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International Women’s Day – Celebrating with Linda Benton

International Women’s Day – Celebrating with Linda Benton
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To celebrate International Women’s Day, we want to shine the light on our female artists to discover what inspires, drives and motivates them in their work. In the lead up to International Women’s Day on the 8th March, we are sharing mini-interviews with our artists and designers which we hope will empower our followers to champion women and take action for equality.

Today's interview is with illustrator Linda Benton who joined us a few years ago and now has three jigsaws in our collection.

Q: Tell us a little about yourself.
A: I am a professional artist and illustrator living and working in Oxfordshire. I studied Drawing and Painting at Duncan of Jordanstone College of Art in Dundee. My paintings are in collections worldwide and my work is published in books and magazines, on cards and calendars, and educational products. I have been commissioned to do 3 pieces of artwork in my montage style for Gibsons 1000 piece jigsaws featuring Oxford, York, and Woodstock. I send in a drawing first for approval and comments, then get on with the painting, sending in photos of the progress.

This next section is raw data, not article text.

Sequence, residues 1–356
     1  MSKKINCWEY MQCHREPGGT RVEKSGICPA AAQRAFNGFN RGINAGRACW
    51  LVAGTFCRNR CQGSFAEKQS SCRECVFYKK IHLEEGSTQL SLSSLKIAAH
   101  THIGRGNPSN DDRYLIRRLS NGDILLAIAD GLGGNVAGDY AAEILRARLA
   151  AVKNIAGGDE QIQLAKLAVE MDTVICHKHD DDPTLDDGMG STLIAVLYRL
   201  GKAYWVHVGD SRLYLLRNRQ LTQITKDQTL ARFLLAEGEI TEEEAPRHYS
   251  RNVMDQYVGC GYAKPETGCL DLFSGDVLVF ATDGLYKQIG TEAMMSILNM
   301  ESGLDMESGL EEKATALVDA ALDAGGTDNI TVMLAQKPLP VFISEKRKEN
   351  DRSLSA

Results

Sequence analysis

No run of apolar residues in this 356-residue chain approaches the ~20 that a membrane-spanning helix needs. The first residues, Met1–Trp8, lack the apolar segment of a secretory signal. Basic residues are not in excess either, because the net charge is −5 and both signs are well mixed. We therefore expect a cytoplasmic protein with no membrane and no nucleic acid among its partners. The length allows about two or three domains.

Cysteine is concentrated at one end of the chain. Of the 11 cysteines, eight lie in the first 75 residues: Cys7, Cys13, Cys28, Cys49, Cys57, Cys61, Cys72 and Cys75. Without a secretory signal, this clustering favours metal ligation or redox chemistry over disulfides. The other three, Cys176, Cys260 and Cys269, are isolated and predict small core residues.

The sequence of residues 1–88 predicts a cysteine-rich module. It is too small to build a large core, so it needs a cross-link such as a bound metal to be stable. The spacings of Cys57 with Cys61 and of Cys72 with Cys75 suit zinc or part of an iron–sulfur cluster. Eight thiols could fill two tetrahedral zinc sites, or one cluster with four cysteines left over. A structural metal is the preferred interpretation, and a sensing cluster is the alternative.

Q: As a child, what did you want to be when you grew up?

A: I knew I wanted to do something creative from a very early age but wasn’t clear that it would be painting.

Q: Why did you choose to become an illustrator?

A: Illustration sort of chose me because of the types of things I was asked to do. Over the years, my style has gradually evolved.

Q: What motivates you to work for yourself and be an entrepreneur?

A: I’ve been self-employed since leaving art college and can’t imagine any other way of life. I’m motivated by the thought of getting a piece of work finished and presenting it to the client who is often delighted in having a unique commission.

Q: What’s your biggest achievement?

A: Having paintings hung in the Royal Academy summer exhibition on two occasions.

Q: Who is a woman you admire and why?

A: Judith Kerr because she kept her enthusiasm and ability, and continued to do her artwork into her old age. 

 

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